The FAA has been under intense pressure from the U.S. Congress of late, and some believe that the reaction to Congressional pressure to tighten up FAA oversight of the aviation industry is a direct cause of the thousands of airline groundings last month.
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During a House Select Committee on Energy Independence and Global Warming hearing last month, Air Transport Association (ATA) president and CEO James May claimed that airline jets are five to six times more fuel efficient than corporate jets. “Carrying 200 people and cargo across the country in a single airplane burns a lot less fuel than 33 separate corporate jets, each flying six people,” May testified. He added that U.S.
Air Transport Association (ATA) president and CEO James May used a hearing of the House Select Committee on Energy Independence and Global Warming last month as a bully pulpit to bash corporate jets and promote the airlines’ tax agenda.
The events of September 11 and the subsequent economic fallout have tested the competitive mettle of airlines worldwide. Thankfully for those that escaped the fate suffered by the now bankrupt Swissair and Sabena, the hundreds of smaller carriers that comprise the often overlooked regional airline sector have supplied a source of relative strength.
New York City-based ShAirForce LLC continues to move forward with its plan to become the world’s first fractional operator to offer its clients premium-class-only aircraft with daily nonstop service between high-demand domestic and international city pairs. The company recently released its Web site address (www.ShAirForce.com) and toll-free number, (866) Go-ShAir.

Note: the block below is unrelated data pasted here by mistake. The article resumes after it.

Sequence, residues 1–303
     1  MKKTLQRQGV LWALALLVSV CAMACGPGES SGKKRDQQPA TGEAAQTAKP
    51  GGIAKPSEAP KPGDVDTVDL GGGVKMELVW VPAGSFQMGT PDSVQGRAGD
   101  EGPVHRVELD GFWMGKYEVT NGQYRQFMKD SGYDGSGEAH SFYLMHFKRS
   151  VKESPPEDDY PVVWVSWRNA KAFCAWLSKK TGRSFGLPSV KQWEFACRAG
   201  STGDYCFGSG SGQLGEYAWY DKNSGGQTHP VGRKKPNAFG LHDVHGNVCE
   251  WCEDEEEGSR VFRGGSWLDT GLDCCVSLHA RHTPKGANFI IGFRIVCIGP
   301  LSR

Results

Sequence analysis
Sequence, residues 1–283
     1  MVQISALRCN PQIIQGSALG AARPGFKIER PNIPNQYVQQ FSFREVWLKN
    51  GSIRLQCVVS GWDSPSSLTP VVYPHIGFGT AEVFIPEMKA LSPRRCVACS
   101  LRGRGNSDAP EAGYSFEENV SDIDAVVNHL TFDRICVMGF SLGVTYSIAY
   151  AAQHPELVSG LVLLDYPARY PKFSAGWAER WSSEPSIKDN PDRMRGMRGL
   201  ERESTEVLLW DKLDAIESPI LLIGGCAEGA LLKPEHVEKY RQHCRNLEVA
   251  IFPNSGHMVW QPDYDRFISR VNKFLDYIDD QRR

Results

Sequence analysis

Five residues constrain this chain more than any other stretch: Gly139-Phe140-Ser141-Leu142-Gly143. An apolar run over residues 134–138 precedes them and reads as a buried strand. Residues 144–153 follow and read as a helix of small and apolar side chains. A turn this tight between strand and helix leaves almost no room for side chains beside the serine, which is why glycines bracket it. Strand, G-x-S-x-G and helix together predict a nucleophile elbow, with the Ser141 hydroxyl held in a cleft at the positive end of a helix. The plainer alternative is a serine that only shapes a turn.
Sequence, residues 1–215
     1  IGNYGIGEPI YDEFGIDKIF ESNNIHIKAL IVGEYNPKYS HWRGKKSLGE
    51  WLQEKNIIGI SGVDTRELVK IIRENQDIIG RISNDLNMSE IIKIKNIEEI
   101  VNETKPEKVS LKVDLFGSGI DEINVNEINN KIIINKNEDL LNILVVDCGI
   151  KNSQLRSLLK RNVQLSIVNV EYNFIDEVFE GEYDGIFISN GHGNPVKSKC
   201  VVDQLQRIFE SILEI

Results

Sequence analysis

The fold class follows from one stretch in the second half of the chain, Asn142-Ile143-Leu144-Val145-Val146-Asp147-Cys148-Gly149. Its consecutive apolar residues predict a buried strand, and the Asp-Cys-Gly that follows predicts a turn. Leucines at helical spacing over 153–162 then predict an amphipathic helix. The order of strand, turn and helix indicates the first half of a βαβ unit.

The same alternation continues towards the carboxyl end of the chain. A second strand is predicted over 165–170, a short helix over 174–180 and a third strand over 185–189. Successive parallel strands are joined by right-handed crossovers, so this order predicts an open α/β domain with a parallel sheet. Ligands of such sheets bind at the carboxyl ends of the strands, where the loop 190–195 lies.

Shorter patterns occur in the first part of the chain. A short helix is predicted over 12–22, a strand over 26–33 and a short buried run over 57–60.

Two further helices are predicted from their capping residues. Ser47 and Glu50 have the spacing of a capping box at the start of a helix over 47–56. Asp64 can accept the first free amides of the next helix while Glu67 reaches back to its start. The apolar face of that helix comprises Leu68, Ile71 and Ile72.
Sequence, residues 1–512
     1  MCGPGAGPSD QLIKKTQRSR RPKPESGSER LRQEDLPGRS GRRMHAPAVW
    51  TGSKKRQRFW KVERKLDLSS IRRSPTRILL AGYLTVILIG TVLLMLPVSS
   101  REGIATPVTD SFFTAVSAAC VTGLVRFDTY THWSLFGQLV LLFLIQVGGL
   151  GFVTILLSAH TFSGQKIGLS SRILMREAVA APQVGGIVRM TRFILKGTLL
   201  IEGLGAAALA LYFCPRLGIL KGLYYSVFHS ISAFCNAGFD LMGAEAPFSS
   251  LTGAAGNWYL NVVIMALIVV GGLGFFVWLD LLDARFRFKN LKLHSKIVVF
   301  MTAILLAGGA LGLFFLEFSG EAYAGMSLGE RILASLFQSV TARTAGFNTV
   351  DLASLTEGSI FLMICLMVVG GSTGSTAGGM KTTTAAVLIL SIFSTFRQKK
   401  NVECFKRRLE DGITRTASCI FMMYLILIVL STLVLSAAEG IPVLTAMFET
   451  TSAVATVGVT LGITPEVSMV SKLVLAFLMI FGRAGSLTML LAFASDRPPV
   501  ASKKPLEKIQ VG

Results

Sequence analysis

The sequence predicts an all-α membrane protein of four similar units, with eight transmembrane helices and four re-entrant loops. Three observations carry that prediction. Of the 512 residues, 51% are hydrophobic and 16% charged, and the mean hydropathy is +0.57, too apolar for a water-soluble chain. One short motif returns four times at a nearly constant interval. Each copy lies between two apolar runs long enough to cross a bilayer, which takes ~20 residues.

The number of pilots hired from January through May by the six major fractional operators (559 pilots) is outpacing hiring by the major airlines (302) and regional jet operators (402), according to statistics compiled by AIR Inc. of Atlanta. Only hiring by national airlines (649) surpassed fractionals (total hired in all categories was 2,509). AIR also reported that 7,257 of 94,571 active airline pilots are on furlough in the U.S.
Boeing will delay first flight of the 787, this time by as much as six more months, as it continues to grapple with slower-than-expected completion of work originally meant for suppliers, the company said today. It now expects to fly the first airplane some time during this year’s fourth quarter–at least 14 months later than originally planned.
In response to increasing demand for services from general and corporate aviation customers, Arinc Direct has expanded and relocated its Scottsdale, Ariz. aircraft service and maintenance operations.
The U.S. air transportation system lost one more source of “essential” service last month when Big Sky Airlines officially went out of business. Billings, Mont.-based Big Sky flew its last Beech 1900 service on March 8, leaving another seven communities isolated from the nation’s scheduled airline network.
Federal agents last month arrested six Venezuelan pilots and two ramp workers accused of using false immigration papers to obtain employment in the U.S. Two of the pilots, Pedro Agusti and Luis Garmendia, flew for American Airlines regional subsidiary American Eagle. Another pilot, Pedro Bottome, flew as a Citation X captain for Executive Jet Aviation.